This question was already answered by Linus Torvalds for Linux, and is also cited in this Q/A on this stack:

We use rdrand as _one_ of many inputs into the random pool, and we use it as a way to _improve_ that random pool. So even if rdrand were to be back-doored by the NSA, our use of rdrand actually improves the quality of the random numbers you get from /dev/random.

What is the status for Windows 10? Does Windows provide a random source mixing RDRAND with other sources or any sofisticated processing that can countermeasure possible backdoors in RDRAND? Or is there a set of possibilities and one should scrutanize every windows library case by case?

  • The title of the question is not very clear, would it be ok to change it to something like "Is RDRAND used in a safe way by Windows 10?" ? – gbr Oct 16 at 18:02
up vote 3 down vote accepted

In short:

Maybe (see the Conclusions).




Documents

Windows's default random generation process is described in considerable detail in its Common Criteria and FIPS 140 validation documents.

For Common Criteria in the Windows "Security Target" documents.
For FIPS in the Microsoft's "Kernel Mode Cryptographic Primitives Library" and "OS Loader" ones.

Do get all three of them, there are details in the Common Criteria documents absent from the FIPS ones, and vice-versa.


These are the most recent versions at the moment of writing, which apply to Windows 10 Fall Creators Update:


I also found this paper from 2015 which analyzes the topic in some detail:
Windows and Linux Random Number Generation Process: A Comparative Analysis.

It treats Windows 8, though (for example, you might notice that it mentions the infamous Dual_EC_DRBG, but that was removed in Windows 10).




Details

Since StackOverflow usually doesn't like links, I replicate here most of the details:


| Boot-time seed

First, a 512-bits boot-time entropy seed is generated:

Entropy is gathered from the following sources, when they are available on the computer:

  1. The contents of the registry value HKLM\System\RNG\Seed, which is written by the Kernel Mode Cryptographic Primitives Library (cng.sys) during its normal operation.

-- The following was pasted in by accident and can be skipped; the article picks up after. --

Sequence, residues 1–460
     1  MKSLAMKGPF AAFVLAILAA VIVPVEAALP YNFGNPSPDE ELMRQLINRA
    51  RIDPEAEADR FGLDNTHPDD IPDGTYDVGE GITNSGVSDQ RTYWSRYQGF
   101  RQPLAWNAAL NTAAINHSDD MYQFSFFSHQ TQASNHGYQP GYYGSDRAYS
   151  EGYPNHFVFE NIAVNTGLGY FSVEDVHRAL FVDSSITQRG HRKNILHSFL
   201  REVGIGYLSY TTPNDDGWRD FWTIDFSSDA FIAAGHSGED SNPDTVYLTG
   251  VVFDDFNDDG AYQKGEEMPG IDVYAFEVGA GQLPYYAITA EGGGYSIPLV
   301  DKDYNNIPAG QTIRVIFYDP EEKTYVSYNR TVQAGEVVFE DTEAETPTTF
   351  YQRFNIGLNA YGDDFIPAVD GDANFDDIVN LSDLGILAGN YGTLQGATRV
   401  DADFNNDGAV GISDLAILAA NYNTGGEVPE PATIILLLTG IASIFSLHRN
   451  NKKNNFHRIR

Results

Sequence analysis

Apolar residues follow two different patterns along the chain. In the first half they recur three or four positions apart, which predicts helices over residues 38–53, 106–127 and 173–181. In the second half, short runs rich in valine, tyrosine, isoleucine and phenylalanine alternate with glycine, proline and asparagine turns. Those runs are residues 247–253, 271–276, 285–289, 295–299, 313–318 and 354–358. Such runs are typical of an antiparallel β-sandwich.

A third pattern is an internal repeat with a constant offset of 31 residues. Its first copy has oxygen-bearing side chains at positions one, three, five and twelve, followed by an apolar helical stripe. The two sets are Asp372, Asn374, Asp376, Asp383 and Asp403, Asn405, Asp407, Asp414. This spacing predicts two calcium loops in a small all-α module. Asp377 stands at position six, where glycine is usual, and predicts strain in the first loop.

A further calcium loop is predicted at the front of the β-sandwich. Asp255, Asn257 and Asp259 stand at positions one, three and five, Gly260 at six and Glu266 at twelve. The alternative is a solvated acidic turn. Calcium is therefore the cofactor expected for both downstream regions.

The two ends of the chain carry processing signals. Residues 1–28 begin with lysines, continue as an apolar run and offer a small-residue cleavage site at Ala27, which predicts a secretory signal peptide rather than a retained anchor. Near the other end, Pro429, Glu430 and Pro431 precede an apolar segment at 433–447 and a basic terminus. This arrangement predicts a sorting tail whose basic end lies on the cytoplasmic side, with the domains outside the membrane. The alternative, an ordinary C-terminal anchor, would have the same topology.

2. The contents of the registry value HKLM\System\RNG\ExternalEntropy, which can be populated by system administrators. This value is overwritten after reading, to ensure that it is not reused.
  3. If a Trusted Platform Module (TPM) is available, the output of a TPM_GetRandom call to the TPM.
  4. The current system time.
  5. The contents of the OEM0 ACPI table in the machine firmware.
  6. If the CPU supports instructions for the RDSEED ( used when available) or RDRAND (used if RDSEED is not available), the output from RDSEED or RDRAND.
  7. The output of the UEFI random number generator.
  8. The CPU timings.

These inputs are then combined using SHA-512, and the entropy source is conditioned using a non-Approved RNG. From this NDRNG, a block of output bytes is passed to the Windows kernel at boot time

source: FIPS OS Loader

Notes:

I'm not sure what they mean with "conditioned using a non-Approved RNG".


| Entropy pool

At runtime, at all times, there is then a "Windows entropy pool", which

is populated using the following values:

  • An initial entropy value from a seed file provided to the Windows OS Loader at boot time (512 bits of entropy). (the boot-time seed)
  • A calculated value based on the high-resolution CPU cycle counter which fires after every 1024 interrupts (a continuous source providing 16384 bits of entropy).
  • Random values gathered periodically from the Trusted Platform Module (TPM), (320 bits of entropy on boot, 384 bits thereafter on demand based on an OS timer).